About 2000 years ago, the Romans built a stunning theater in the coastal Albanian town of Butrint during their military conquests of the Balkans. Today the ruins are witness to another battle, this one between opposing political factions in Albania, for control of this internationally recognized archaeological site. Caught in the crossfire is a British foundation that hopes to protect the theater and other structures spanning nearly 3 millennia in a country trying to emerge from decades of global isolation.
Archaeologists have traced Butrint's history to the 8th century B.C., when traders from Corfu are thought to have settled the site, on the tip of the Hexamil peninsula in southwest Albania. The Romans took control of Butrint around the 2nd century B.C., and the remains of Butrint's theater--along with a row of remarkable statues that includes the beautiful "goddess of Butrint"--were unearthed by Italian archaeologist Luigi Ugolini in 1920s. His team later excavated the Temple of Asclepulus, an Early Byzantine palace, and a baptistry with an exquisite mosaic floor featuring images of animals.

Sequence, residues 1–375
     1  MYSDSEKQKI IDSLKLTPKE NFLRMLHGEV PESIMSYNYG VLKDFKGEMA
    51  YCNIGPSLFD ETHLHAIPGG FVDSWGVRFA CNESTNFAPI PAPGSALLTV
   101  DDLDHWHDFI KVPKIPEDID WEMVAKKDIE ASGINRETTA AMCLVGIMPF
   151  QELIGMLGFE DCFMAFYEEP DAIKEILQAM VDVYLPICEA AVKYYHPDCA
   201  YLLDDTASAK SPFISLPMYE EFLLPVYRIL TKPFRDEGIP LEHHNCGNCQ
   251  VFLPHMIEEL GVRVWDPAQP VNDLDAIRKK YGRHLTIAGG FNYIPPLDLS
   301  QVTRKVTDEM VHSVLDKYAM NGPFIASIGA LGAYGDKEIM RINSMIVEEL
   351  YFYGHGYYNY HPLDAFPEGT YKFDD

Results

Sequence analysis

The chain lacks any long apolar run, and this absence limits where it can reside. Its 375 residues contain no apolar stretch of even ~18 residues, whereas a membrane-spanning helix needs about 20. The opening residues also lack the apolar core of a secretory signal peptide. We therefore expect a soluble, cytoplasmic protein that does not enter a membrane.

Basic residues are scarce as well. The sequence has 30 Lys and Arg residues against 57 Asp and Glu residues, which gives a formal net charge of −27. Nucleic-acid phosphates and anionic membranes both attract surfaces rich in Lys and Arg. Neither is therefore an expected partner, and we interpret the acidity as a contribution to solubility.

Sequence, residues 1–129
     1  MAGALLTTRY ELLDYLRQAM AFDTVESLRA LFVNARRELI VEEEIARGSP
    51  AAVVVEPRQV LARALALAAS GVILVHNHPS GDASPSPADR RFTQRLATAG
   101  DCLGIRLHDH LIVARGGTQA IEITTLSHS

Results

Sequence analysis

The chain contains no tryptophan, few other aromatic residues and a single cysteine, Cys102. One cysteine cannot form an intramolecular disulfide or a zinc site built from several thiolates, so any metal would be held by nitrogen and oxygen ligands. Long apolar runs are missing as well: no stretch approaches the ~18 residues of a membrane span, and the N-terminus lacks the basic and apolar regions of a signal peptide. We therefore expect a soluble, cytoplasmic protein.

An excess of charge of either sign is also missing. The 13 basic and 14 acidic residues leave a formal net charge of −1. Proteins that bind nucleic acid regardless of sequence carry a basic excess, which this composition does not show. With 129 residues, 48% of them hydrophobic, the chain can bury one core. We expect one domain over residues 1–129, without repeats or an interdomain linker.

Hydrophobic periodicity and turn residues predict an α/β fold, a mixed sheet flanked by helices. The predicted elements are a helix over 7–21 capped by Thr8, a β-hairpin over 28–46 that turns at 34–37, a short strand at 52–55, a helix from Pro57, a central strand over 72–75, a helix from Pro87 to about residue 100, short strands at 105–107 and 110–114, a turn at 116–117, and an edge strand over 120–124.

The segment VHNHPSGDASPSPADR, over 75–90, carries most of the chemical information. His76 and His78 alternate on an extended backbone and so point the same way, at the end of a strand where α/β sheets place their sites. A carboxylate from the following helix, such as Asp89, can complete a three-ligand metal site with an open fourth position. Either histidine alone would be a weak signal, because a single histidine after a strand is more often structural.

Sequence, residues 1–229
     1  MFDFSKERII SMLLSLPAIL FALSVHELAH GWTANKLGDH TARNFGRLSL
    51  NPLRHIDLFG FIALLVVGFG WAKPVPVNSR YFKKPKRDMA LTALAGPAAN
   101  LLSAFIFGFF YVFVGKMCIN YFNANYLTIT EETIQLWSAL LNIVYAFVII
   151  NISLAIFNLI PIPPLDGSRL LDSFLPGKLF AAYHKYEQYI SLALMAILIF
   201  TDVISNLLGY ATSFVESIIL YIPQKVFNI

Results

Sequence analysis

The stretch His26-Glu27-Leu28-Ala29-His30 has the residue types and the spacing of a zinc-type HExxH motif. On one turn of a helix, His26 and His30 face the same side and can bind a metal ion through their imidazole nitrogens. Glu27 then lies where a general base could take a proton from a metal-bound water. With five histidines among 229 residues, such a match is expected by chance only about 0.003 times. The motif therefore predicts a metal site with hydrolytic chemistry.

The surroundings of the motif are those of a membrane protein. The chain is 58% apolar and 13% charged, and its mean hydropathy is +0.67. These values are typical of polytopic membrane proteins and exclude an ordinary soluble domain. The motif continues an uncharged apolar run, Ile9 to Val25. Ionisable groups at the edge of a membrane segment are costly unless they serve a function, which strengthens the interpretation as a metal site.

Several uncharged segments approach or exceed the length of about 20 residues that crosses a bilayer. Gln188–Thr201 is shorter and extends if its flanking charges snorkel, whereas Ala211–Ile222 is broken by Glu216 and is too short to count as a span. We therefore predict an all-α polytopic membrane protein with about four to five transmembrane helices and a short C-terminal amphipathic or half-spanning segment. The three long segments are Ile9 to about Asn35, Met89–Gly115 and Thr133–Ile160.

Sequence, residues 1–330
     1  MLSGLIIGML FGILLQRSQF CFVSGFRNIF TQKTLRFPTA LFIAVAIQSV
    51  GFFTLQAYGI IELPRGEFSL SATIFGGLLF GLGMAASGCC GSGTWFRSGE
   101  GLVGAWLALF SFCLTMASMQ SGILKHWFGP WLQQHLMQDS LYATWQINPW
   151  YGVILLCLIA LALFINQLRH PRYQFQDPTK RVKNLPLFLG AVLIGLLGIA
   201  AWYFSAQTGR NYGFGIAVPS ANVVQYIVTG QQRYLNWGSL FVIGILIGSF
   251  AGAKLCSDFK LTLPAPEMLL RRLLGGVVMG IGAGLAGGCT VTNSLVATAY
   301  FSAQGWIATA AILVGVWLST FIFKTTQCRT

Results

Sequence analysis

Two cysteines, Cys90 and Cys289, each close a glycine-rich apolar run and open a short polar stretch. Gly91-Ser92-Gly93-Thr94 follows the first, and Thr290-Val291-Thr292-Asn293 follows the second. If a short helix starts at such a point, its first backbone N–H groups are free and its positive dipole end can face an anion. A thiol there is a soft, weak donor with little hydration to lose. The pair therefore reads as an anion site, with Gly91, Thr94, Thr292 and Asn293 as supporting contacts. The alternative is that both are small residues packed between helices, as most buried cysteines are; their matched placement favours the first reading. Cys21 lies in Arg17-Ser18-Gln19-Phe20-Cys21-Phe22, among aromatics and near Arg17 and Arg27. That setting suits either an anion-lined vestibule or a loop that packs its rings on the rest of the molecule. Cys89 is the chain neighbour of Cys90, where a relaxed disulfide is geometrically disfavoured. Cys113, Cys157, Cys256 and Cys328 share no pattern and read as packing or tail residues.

The battle over Butrint pits Albania's Ministry of Culture against the Institute of Archaeology and the Institute of Monuments, both based in Tirana, the capital. Last month, Culture Minister Edi Rama, appointed in April, stripped both institutes of authority at Butrint after an international body criticized them for failing to work together. The ministry itself took control, and Rama asked the London-based Butrint Foundation to help manage the site. Rama says that foreign support is critical to saving the deteriorating site: "The [Butrint] Foundation will help us develop research and excavations."
But on 28 July, archaeologists at the two institutes petitioned Albanian President Rexhep Meidani to block the collaboration. The opponents, who include former Monuments Director Reshad Gega, charge that the Butrint Foundation intends to profit from rising tourism at the site and to control revenue from future exhibitions of Butrint artifacts.
Rama and others say the petitioners' real beef is with the new government. "They are hostile to reforms being taken in the country" to strengthen ties with the West, says Rama. "We'll show with concrete results that our decision is not against Albania's interests." Adds Butrint Foundation scientific director Richard Hodges, head of the Institute of World Archaeology at the University of East Anglia in Norwich, U.K., "The dispute is the political consequence of an effort to make Butrint a major national asset."